The two-disc Essential Kris Kristofferson
summarizes this revered outlaw's contribution to straight-no-chaser contemporary country music in 37 cuts -- all but one (a 1999 live track from his Austin Sessions album) dating to his '70s and '80s prime. Disc 1 is worth the price of admission alone and is required listening for any country music fan. Here are the songs that changed the way the mainstream spoke of matters of the heart, the flesh, and the devil: "Me and Bobby McGee," "Help Me Make It Through the Night," "Sunday Mornin' Comin' Down," "To Beat the Devil," "Casey's Last Ride," "Loving Her Was Easier (Than Anything I'll Ever Do Again)," "For the Good Times," and a live version of "The Pilgrim: Chapter 33" represent a turn toward frank, vivid narratives about the real, messy world of loving, losing, and battling for peace of mind. Kristofferson's voice was fairly weathered even in his younger years, and its cragginess compounded the cosmic ennui informing his parched viewpoint. Disc 2 doesn't offer monuments on the order of its predecessor, but it does contain such overlooked gems as "Border Lord," "Broken Freedom Song," and "Nobody Wins." Kristofferson's stirring turn with Johnny Cash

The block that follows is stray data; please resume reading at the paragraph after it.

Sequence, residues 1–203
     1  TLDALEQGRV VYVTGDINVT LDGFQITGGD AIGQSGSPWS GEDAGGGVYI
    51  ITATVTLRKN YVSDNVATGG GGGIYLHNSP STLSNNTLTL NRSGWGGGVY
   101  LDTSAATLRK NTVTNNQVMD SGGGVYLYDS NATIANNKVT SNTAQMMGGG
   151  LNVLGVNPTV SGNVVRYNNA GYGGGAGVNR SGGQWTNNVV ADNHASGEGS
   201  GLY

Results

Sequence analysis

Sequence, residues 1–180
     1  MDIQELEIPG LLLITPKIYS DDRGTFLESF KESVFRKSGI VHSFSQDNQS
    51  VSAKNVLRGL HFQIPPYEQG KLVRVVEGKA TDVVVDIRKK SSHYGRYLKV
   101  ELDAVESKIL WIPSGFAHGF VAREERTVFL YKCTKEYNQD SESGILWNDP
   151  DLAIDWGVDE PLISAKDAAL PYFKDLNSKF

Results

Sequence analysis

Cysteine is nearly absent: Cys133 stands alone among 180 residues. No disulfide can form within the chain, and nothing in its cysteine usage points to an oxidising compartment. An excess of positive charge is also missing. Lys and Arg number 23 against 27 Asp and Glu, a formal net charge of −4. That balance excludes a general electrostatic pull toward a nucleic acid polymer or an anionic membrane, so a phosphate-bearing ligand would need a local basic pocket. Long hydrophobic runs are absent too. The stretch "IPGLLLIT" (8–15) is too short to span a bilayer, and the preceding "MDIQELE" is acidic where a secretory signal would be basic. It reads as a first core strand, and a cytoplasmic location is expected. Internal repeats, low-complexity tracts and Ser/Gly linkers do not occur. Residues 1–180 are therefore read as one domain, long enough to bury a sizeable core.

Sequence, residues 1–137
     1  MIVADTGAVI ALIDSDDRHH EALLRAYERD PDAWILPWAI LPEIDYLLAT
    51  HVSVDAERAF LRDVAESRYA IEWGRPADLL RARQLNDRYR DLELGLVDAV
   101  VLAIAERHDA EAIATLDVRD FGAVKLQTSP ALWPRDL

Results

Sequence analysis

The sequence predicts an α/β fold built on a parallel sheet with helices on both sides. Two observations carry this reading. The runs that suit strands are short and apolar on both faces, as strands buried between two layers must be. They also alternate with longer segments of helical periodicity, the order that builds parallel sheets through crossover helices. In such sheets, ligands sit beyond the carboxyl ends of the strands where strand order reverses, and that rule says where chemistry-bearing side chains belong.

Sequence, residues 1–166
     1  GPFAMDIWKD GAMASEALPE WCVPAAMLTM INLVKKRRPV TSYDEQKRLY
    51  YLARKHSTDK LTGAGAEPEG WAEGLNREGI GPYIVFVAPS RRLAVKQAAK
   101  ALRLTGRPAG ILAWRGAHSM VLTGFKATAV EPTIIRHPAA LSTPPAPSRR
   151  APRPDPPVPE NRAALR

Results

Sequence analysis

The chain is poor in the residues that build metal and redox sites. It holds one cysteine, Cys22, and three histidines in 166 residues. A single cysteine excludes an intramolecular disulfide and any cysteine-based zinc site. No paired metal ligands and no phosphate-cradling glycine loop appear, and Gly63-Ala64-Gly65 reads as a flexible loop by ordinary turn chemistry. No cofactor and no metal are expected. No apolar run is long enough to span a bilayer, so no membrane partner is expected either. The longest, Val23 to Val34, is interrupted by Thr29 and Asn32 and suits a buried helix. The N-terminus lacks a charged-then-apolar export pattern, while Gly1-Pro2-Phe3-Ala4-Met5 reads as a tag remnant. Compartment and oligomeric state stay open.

, Waylon Jennings
, and Willie Nelson
on Jimmy Webb's epic, haunting "Highwayman" is another highlight, and the above-mentioned 1999 track, "Please Don't Tell Me How the Story Ends," marks a moment when Kristofferson reasserted his gift most persuasively. The early work retains all of its potency -- and has even gained a bit in light of the formulaic turn of mainstream country writing today -- and the '80s work begs to be reconsidered. This set lives up to its title, and then some.